Sub-Saharan African countries are targeted on the adoption of safe nuclear energy as the region looks to diversify its sources of electricity, according to the African Young Generation in Nuclear (AYGN) based in Nairobi.
To achieve this, AYGN with the support of Rosatom, Russia’s state-owned nuclear agency, has established a chapter in Zambia to push for technology transfers and collaboration in training young nuclear scientists and engineers.
Speaking at the official launch of the Zambian chapter of AYGN at a gala dinner, Mr. Ryan Collyer, Rosatom’s Communications Director for Central and Southern Africa thanked AYGN for the initiative they had shown in organizing the conference and their role in driving public awareness on safe nuclear energy.
The Kenya Nuclear Electricity Board and Rosatom have been working towards introducing safe nuclear energy as part of the country’s power mix.
“There are many misconceptions around our industry and it is these misconceptions that as an industry we should work together to dispel. It is time we deliver the good stories, the great stories and hopefully one day the nuclear industry will be celebrated for its grand achievement of bettering the lives of millions across the globe, rather than frowned upon for the simple reason of not being fully understood,” said Collyer.
Zambia has committed to construct a center for nuclear science and technology and add 2000 MW of nuclear power to its power grid over the next 10 to 15 years in order to promote industrial and economic growth.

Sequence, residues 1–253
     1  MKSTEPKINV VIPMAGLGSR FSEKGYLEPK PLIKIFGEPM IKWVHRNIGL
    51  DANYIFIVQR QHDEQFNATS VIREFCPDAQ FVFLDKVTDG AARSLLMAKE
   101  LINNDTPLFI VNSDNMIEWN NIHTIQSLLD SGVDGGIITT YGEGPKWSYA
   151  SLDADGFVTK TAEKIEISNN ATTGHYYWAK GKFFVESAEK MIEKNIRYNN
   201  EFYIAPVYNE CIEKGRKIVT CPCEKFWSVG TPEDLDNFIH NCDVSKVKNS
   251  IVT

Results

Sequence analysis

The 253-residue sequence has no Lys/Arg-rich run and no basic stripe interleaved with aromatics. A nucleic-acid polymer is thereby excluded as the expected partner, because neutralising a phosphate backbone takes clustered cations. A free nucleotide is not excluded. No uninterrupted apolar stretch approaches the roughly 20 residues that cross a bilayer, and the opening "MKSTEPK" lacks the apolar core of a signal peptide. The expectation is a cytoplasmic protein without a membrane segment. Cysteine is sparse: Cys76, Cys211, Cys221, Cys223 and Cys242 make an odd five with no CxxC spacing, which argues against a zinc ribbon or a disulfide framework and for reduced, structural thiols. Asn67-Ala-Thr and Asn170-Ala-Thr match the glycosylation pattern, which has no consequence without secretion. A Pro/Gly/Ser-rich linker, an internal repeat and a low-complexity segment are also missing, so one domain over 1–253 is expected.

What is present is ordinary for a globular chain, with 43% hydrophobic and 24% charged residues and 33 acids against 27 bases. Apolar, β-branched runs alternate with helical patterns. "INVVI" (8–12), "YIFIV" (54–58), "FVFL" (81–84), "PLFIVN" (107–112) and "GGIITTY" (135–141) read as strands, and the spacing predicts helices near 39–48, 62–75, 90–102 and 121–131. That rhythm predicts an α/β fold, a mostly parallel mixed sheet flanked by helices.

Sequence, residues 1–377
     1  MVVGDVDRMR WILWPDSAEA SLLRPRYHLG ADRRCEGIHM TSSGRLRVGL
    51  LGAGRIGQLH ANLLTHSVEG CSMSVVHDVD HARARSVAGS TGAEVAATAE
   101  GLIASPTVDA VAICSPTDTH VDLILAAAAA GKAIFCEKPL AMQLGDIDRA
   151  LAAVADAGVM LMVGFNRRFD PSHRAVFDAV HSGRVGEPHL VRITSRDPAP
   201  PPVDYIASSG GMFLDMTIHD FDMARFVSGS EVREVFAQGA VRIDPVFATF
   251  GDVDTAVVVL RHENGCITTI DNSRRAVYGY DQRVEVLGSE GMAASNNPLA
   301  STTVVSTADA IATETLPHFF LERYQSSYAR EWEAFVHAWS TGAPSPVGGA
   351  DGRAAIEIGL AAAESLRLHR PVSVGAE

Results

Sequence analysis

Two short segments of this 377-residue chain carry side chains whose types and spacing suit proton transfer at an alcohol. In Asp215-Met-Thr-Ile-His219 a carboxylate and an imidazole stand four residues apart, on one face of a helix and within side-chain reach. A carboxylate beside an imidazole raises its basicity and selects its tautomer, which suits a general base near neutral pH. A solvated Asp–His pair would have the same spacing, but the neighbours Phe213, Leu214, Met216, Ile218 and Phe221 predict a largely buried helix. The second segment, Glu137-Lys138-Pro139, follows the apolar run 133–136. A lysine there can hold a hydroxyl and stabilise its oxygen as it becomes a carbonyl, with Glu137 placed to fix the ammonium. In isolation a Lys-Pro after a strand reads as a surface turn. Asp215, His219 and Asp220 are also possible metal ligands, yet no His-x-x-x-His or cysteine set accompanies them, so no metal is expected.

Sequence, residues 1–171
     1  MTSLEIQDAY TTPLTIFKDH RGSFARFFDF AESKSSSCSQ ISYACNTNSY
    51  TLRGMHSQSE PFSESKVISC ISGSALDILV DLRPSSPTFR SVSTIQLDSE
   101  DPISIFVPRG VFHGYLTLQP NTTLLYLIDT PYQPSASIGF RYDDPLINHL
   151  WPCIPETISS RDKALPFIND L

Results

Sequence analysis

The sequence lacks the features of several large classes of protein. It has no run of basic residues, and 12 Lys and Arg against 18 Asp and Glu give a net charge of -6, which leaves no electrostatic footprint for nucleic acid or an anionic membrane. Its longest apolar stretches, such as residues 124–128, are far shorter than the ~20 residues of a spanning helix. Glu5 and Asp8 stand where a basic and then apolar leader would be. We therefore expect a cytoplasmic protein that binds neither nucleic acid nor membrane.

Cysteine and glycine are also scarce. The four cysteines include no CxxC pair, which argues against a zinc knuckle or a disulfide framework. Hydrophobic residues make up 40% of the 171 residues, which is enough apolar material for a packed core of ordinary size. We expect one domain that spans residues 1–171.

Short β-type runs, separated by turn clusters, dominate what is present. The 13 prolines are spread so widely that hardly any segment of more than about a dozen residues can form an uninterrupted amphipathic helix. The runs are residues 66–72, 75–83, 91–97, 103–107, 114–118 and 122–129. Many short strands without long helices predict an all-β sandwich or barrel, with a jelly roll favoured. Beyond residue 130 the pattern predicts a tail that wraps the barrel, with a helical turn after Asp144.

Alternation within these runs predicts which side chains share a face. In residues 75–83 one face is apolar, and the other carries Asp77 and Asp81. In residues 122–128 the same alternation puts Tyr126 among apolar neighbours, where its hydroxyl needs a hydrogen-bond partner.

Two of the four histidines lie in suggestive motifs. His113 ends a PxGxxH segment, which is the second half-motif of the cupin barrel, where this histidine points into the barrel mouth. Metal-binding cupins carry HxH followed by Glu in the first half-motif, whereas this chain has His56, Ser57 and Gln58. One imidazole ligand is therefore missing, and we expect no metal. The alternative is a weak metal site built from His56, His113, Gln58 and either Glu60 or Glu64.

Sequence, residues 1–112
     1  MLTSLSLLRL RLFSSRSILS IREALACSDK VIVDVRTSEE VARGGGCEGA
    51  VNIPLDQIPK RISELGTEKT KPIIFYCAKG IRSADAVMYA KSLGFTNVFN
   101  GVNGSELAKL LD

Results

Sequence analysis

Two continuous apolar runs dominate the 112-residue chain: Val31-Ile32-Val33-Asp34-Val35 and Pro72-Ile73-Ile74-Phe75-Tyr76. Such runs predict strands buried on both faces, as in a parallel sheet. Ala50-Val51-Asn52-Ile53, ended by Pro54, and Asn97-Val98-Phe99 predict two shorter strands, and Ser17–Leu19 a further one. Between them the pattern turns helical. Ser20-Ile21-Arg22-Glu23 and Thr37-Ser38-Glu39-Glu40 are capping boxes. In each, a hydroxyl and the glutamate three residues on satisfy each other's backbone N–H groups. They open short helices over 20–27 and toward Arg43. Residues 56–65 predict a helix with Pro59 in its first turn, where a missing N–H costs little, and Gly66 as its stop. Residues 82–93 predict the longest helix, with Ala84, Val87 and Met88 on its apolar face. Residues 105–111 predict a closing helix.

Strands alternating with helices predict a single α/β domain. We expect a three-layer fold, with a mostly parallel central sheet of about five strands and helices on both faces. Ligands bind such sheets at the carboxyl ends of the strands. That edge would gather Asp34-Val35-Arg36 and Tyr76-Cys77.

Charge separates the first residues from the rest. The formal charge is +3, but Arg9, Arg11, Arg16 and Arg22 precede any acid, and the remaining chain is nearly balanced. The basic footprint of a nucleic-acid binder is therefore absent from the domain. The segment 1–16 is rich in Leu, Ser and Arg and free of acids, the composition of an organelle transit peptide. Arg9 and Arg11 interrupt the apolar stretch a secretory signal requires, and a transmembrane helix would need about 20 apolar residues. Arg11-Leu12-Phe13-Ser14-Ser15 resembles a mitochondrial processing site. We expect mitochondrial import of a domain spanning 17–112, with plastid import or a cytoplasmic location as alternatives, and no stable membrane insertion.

“With many African nations moving towards nuclear with the aim of diversifying and bolstering their energy mixes to stimulate economic growth, collaboration in the sector and nurturing young talent is more vital than ever,” said AYGN President Gaopalelwe Santswere.
Similar sentiments were expressed at a three-day regional conference on enhancing Africa’s capacity on nuclear safety, security and safeguards supported by Rosatom, the International Science and Technology Centre (ISTC) and the European Union and Rosatom in Lusaka, Zambia on 29th to 31st August.
Zambia’s Secretary to Cabinet, Dr. Roland Msiska, thanked AYGN for hosting the Lusaka conference, which saw participation by nuclear regulators from Tanzania, South Africa, and Malawi, as well as young professionals and seasoned experts from across the continent.
Rosatom and the Zambian government signed a general contract for the construction of a Centre for Nuclear Science and Technology (CNST). The signing took place during the 10th international Atomexpo-2018 forum in Sochi.
Construction of the center is the first joint project of Russia and Zambia in the field of nuclear technologies. The center will be located 10 kilometers away from the capital of Zambia, Lusaka.
The CNST will include a nuclear research facility based on a multipurpose research water-cooled reactor of up to 10 Megawatts, a modern laboratory complex, multipurpose irradiation center as well as a cyclotron-based nuclear medicine center.
The project will be implemented in several stages within 3 to 6 years from the work commencement date under the contract.
Rosatom has built more than 120 research reactors in Russia and abroad.